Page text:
Consolidated Safety Valve Co. v. KunkleAnnotate this Case
119 U.S. 45 (1886)
U.S. Supreme Court
Consolidated Safety Valve Co. v. Kunkle, 119 U.S. 45 (1886)
Consolidated Safety Valve Company v. Kunkle
Argued October 27-28, 1886
Decided November 15, 1886
119 U.S. 45
APPEAL FROM THE CIRCUIT COURT OF THE UNITED
STATES FOR THE NORTHERN DISTRICT OF ILLINOIS
In view of the construction given in Consolidated Safety Valve Co. v. Crosby Steam Gauge & Valve Co.,113 U. S. 107, to the claim of letters patent No. 58,294, granted to George W. Richardson, September 25th, 1866, for an improvement in safety valves, and to the claim of letters patent No. 85,963, granted to said Richardson, July 19th, 1869, for an improvement in safety valves for steam boilers or generators, the defendant's safety valves in this case, having no huddling chamber, and no strictured orifice, were held not to infringe either patent.
In equity to recover for infringement of letters patent. The case is stated in the opinion of the Court.
MR. JUSTICE BLATCHFORD delivered the opinion of the Court.
This is an appeal by the plaintiff in a suit in equity to recover for the infringement of two letters patent, from a decree dismissing the bill. The suit was brought in the Circuit Court of the United States for the Northern District of Illinois by the Consolidated Safety Valve Company, a Connecticut corporation, against Erastus B. Kunkle, on letters patent No. 58,294, granted to George W. Richardson, September 25, 1866, for an improvement in safety valves, and on other letters patent, No. 85,963, granted to the same person, January 19, 1869, for an improvement in safety valves for steam boilers or generators. These are the same two patents which were the subject matter of the litigation involved in the case of Consolidated Safety Valve Company v. Crosby Steam Gauge & Valve Company, decided by this Court at October Term, 1884, and
reported in 113 U. S. 113 U.S. 157. The specifications and claims and drawings of the two patents are set forth fully in the report of that case. The patents were both of them held to be valid and to have been infringed.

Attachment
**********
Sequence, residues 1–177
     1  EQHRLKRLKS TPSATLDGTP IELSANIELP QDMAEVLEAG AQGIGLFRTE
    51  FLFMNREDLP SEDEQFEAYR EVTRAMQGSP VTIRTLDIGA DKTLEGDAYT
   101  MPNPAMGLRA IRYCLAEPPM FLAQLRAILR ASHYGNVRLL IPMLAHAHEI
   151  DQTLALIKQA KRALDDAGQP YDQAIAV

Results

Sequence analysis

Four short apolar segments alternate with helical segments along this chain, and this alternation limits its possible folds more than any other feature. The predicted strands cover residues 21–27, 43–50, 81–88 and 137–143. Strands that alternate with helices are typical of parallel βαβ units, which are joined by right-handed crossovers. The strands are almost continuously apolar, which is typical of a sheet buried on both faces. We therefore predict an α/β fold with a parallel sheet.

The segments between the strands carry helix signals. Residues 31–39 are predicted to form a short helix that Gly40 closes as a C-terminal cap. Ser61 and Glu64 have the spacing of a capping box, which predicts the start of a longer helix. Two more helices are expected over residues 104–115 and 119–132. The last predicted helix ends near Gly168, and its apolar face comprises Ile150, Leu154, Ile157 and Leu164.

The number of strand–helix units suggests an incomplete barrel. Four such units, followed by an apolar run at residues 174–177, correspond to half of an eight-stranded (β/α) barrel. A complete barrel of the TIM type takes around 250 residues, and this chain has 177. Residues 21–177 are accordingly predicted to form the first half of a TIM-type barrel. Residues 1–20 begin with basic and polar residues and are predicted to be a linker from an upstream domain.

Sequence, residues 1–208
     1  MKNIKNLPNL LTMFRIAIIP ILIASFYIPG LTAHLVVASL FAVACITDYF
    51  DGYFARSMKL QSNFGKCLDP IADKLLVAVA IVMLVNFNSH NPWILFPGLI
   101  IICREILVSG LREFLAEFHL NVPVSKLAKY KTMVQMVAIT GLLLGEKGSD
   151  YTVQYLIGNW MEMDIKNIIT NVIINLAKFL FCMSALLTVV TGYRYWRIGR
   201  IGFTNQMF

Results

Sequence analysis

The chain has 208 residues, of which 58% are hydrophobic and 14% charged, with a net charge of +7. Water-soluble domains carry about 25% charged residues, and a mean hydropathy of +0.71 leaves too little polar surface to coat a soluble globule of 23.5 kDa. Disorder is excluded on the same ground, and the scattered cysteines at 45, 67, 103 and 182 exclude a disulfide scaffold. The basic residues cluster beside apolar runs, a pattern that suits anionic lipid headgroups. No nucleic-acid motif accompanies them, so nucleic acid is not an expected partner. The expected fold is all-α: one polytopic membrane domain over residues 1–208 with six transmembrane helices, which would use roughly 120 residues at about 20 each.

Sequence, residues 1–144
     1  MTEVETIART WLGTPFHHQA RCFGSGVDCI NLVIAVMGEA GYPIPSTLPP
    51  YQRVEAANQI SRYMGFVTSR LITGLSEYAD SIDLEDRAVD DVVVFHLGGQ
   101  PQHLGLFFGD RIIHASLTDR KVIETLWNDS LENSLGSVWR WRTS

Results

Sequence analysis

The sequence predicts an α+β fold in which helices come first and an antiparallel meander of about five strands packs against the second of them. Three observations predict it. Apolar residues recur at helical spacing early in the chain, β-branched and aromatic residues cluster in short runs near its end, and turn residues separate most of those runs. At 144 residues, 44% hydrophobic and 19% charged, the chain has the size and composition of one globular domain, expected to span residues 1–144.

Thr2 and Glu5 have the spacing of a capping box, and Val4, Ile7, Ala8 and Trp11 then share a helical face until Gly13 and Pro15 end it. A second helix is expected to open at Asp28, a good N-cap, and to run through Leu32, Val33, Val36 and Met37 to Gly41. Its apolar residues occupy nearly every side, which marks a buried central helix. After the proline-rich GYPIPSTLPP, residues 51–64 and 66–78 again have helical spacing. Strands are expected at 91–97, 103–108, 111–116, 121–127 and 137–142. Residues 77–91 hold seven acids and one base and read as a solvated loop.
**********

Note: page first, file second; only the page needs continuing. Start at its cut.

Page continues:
The claim of the patent of 1866,
"A safety valve, with the circular or annular flange or lip c c, constructed in the manner or substantially in the manner shown, so as to operate as and for the purpose herein described,"
was construed as covering
"a valve in which are combined an initial area, an additional area, a huddling chamber beneath the additional area, and a strictured orifice leading from the huddling chamber to the open air, the orifice being proportioned to the strength of the spring, as directed."
The claim of the patent of 1869,
"the combination of the surface beyond the seat of the safety valve, with the means herein described for regulating or adjusting the area of the passage for the escape of steam, substantially as and for the purpose described,"
was construed as covering
"the combination, with the surface of the huddling chamber and the strictured orifice, of a screw ring to be moved up or down to obstruct such orifice, more or less, in the manner described."
The decree in the present case was made in January, 1883, and proceeded, as it states, on the ground that the defendant's valves did not infringe the patents. This also appears from the decision of the circuit court, reported in 14 F. 732. As the defendant's valves have no huddling chamber, and no strictured orifice leading from a huddling chamber to the open air, we are of opinion that they do not infringe either of the patents.
Official Supreme Court caselaw is only found in the print version of the United States Reports. Justia caselaw is provided for general informational purposes only, and may not reflect current legal developments, verdicts or settlements. We make no warranties or guarantees about the accuracy, completeness, or adequacy of the information contained on this site or information linked to from this site. Please check official sources.